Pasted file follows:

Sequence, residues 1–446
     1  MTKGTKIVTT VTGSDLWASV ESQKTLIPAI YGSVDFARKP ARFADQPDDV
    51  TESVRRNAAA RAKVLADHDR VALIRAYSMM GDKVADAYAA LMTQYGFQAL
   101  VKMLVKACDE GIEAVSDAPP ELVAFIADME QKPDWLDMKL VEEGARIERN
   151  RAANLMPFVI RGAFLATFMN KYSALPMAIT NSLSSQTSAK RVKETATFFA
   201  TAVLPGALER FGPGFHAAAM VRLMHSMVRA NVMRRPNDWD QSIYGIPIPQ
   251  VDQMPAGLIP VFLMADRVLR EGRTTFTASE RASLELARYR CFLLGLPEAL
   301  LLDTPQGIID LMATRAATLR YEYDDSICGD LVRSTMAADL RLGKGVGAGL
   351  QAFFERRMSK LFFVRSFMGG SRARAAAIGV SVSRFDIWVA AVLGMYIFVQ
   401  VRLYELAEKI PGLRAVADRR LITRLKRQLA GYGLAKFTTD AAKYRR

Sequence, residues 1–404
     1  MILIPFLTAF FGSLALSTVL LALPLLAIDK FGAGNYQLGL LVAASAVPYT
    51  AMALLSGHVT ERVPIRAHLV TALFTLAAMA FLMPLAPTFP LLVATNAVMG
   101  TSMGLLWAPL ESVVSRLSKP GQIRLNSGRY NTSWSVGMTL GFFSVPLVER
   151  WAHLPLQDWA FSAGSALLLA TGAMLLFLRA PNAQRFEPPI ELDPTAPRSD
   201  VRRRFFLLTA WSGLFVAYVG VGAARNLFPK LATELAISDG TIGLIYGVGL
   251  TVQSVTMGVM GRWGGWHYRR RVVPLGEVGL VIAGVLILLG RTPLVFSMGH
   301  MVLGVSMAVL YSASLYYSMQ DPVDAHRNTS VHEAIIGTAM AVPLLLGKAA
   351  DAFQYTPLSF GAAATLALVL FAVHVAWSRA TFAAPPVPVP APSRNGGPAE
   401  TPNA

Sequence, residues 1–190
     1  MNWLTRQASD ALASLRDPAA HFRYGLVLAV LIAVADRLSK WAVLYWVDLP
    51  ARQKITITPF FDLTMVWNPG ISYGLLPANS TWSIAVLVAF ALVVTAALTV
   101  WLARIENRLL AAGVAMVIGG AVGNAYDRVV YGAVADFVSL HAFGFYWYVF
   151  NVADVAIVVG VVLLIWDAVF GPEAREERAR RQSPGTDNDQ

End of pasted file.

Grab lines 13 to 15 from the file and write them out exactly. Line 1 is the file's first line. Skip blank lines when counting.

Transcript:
    51  AMALLSGHVT ERVPIRAHLV TALFTLAAMA FLMPLAPTFP LLVATNAVMG
   101  TSMGLLWAPL ESVVSRLSKP GQIRLNSGRY NTSWSVGMTL GFFSVPLVER
   151  WAHLPLQDWA FSAGSALLLA TGAMLLFLRA PNAQRFEPPI ELDPTAPRSD